Normal energy levels.

Feel a little bit sick

Go to clinic or Doctor

Hard to breathe.

Bit more spit/yellow/green/no smell.

More medicine to help short wind.

Bit hot.

Off food/feeling sick.

Feel Very sick


Very hard to breathe.

Lots more/dark/thick/smelly spit.

Lot more medicine for short wind.


Not eating/vomiting.

Usual medicine


Antibiotic medicine.

You will need to stay in hospital.

Need oxygen.

Increase usual medicine.

Antibiotic medicine in a drip.

Other medicines.

Things to remember

Some people with COPD will often have

other chronic diseases such as:

Heart disease.



It is very important

to understand and

look after these diseases.

Ways to help improve

your lungs

Quit smoking.

Keep a healthy weight.

Stopping getting germs by

keeping yourself clean.

Visit your doctor/clinic

when you are well.

when you are sick.

Eat small meals often.

Make sure you get all your

immunisations like the flu

needle every year.

Why do we need to look

after our lungs?

Strong lungs can help

you enjoy your life.

If your lungs are sick, it is important to

understand the sickness.

You need to know how to look after your


People with weak lungs can go on to

have other problems later in life like

heart problems.

Lots of people with lung sickness,

spend a lot of time in hospital.


The COPD flipchart is an initiative of the Queensland Health Statewide Respiratory Clinical Network

and the Menzies School of Health Research and funded by Queensland Health and Menzies School

of Health Research, Darwin.

The flipchart was developed in consultation with:

Indigenous Respiratory Health Work Group, Queensland Health

Statewide Respiratory Clinical Network

Menzies Child Health Division, Indigenous Reference Group

Chronic Obstructive Pulmonary Disease (COPD) Work Group, Queensland Health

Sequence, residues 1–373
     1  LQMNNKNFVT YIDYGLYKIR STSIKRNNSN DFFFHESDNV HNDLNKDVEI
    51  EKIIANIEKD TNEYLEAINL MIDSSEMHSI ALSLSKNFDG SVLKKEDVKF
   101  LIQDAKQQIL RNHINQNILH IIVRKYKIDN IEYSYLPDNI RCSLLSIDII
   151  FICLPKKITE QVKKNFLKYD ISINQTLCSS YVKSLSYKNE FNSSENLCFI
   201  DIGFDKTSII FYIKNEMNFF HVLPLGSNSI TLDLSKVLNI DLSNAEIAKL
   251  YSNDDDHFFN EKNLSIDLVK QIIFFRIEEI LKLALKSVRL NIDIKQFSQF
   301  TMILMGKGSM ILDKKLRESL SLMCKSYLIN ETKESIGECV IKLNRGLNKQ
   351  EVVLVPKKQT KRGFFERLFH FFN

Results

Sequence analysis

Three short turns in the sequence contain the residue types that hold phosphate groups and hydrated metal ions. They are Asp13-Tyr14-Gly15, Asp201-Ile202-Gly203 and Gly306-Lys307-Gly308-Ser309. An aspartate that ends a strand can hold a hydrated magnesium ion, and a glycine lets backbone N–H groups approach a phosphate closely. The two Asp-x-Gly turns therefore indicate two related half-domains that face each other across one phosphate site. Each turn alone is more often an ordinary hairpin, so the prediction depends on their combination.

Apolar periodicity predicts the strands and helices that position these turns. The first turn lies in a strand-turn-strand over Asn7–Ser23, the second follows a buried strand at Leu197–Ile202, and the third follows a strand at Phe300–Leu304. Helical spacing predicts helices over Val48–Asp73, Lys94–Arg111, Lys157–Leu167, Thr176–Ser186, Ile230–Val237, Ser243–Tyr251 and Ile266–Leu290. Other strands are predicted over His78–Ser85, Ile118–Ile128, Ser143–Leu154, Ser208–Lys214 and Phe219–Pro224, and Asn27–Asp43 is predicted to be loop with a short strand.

Statewide Respiratory Clinical Network

The Asthma Foundation Northern Territory

The Australian Lung Foundation

Department of Health and Families, Northern Territory Government

We need to thank all the many individuals, patients and other health providers who have provided

feed back on the flipcharts.


This work is copyright and copyright ownership is shared between State of Queensland (Queensland Health) and

Menzies School of Health Research 2011. It may be reproduced in whole or in part for study, education or clinical

purposes subject to the inclusion of an acknowledgement of the source. It may not be reproduced for commercial

use or sale. Reproduction for purposes other than those indicated above requires written permission from both

Queensland Health and Menzies School of Health Research, Northern Territory.

© State of Queensland (Queensland Health) and Menzies School of Health Research, Northern Territory 2011


For further information contact Statewide Respiratory Clinical Network, Patient Safety and Quality Improvement Service,

e-mail: PSQ@health.q1d.gov.au or phone: (07) 36369505 and Menzies School of Health Research, e-mail: lunginfonet@

menzies.edu.au or phone: (08) 89228196. For permissions beyond the scope of this licence contact: Intellectual

Property Officer, Queensland Health, email ip_officer@health.q1d.gov.au, phone (07) 32341479.

To order resources or to provide feedback please email: Lunginfonet@menzies.edu.au or phone (08) 89228196

Suggested Citation:

Queensland Health Statewide Respiratory Clinical Network and Menzies School of Health Research.

Educational resource – Adult COPD Flipchart. Darwin, 2011.

ISBN: 987-1-921576-54-6

Hooray! Your file is uploaded and ready to be published.

Saved successfully!

Ooh no, something went wrong!